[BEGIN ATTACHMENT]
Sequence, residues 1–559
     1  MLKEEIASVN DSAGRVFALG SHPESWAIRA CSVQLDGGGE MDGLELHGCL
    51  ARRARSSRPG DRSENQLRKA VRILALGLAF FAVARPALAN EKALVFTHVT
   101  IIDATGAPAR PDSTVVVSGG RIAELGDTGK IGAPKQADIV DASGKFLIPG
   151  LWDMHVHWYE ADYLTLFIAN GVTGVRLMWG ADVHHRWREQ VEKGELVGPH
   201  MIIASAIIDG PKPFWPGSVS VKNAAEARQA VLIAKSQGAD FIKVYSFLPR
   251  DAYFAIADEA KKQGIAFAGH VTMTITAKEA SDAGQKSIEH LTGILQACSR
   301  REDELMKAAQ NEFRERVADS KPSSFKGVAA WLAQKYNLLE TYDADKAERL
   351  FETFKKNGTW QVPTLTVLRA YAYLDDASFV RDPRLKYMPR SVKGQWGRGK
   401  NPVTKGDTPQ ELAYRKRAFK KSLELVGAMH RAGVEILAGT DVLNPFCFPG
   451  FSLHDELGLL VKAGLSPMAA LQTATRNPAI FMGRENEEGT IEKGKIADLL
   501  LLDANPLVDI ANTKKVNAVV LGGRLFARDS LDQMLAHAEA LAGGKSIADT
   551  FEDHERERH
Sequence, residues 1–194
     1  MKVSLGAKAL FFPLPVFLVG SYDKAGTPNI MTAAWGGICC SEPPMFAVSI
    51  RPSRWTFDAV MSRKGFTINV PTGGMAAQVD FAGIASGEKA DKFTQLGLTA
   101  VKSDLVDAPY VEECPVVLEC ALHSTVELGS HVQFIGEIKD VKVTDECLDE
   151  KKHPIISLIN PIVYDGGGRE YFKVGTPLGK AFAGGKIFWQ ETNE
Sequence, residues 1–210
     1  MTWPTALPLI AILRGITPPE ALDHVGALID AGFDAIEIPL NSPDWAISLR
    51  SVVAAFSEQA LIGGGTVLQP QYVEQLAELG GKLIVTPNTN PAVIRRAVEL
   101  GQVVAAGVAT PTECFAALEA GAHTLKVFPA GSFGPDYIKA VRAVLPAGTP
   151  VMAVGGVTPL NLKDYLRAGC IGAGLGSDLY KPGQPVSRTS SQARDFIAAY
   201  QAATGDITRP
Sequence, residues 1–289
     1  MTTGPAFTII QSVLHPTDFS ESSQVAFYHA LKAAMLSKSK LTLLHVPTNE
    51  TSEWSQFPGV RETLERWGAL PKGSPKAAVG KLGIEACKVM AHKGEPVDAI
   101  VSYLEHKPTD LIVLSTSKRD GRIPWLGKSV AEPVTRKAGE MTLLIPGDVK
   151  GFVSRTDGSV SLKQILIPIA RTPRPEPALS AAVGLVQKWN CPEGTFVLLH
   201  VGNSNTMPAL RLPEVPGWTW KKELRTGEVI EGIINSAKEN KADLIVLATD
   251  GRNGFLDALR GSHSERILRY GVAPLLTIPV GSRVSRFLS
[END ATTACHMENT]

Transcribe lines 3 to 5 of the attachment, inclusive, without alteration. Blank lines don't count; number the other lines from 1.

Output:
    51  ARRARSSRPG DRSENQLRKA VRILALGLAF FAVARPALAN EKALVFTHVT
   101  IIDATGAPAR PDSTVVVSGG RIAELGDTGK IGAPKQADIV DASGKFLIPG
   151  LWDMHVHWYE ADYLTLFIAN GVTGVRLMWG ADVHHRWREQ VEKGELVGPH